Carpal Tunnels Syndrome (CTS) was first described by Sir James Paget in 1863, is the most common type of nerve injury. It results from compression of the median nerve (the nerve that supplies some of the muscles of the hand and also sensation to the palmar side of the thumb, first two fingers, and half of the fourth finger) in the carpal tunnel. The carpal tunnel is an enclosed ring formed by the transverse carpal ligament. This ring acts as a gateway from the forearm to the hand, through which pass not only the median nerve but also many of the tendons that connect the forearm muscle to the fingers they flex.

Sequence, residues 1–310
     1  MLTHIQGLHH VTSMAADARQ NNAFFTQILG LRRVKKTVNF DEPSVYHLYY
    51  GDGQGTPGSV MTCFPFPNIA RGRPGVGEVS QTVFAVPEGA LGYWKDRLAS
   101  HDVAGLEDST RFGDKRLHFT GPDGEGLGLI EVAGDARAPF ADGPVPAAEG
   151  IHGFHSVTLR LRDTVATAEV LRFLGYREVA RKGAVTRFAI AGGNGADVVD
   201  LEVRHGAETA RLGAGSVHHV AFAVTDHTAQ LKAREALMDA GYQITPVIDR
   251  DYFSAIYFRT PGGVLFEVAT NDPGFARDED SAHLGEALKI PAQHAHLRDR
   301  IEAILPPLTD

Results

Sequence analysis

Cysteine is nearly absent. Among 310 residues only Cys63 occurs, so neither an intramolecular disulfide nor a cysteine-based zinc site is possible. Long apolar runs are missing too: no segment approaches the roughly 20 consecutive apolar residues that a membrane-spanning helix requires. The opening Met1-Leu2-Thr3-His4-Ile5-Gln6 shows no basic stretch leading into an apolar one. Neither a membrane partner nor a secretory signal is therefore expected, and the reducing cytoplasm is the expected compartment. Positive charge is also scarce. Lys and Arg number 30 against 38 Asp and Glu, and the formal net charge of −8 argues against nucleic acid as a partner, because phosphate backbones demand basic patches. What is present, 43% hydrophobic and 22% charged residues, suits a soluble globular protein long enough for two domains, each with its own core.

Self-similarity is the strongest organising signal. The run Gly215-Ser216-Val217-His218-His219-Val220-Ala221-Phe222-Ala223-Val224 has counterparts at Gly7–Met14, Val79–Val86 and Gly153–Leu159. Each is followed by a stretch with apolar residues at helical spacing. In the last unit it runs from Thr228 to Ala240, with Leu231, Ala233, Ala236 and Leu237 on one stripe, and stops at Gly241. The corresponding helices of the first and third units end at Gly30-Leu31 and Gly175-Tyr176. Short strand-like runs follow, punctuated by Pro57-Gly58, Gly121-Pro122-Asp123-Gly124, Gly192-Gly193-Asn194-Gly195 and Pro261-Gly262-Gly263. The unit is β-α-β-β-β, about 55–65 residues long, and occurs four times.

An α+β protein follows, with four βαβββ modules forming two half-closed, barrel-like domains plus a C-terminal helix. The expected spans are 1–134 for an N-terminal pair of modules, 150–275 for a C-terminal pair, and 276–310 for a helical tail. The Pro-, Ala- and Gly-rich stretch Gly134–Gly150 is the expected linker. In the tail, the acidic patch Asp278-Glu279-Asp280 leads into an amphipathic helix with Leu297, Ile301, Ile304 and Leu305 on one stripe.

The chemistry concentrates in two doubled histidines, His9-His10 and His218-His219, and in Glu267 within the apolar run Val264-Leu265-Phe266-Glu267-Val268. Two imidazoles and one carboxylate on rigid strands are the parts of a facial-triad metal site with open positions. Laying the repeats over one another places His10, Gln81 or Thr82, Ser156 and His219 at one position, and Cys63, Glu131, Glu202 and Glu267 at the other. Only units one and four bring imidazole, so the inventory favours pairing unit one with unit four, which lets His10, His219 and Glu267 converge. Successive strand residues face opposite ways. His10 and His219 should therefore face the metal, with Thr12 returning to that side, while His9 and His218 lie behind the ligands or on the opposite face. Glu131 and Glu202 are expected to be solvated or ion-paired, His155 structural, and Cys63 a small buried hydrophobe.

What is the causes carpal tunnels syndrome?
Conditions or illnesses that can cause swelling in the joints and soft tissues in the arm, or to reduced blood flow to the hands.
These include obesity, rheumatoid arthritis, gout, diabetes, lupus, and hypothyroidism.
Repeated hand and wrist movements. They can cause the membranes surrounding the tendons to swell (tenosynovitis).
Broken wrist bones, dislocated bones, new bone growth from healing bones, or bone spurs. These can take up space in the carpal tunnel and put more pressure on the median nerve.
Carpal tunnel syndrome is a common work-related condition. It can be caused by work that requires:
Forceful or repetitive hand movements.
Working for long periods in the same or awkward positions.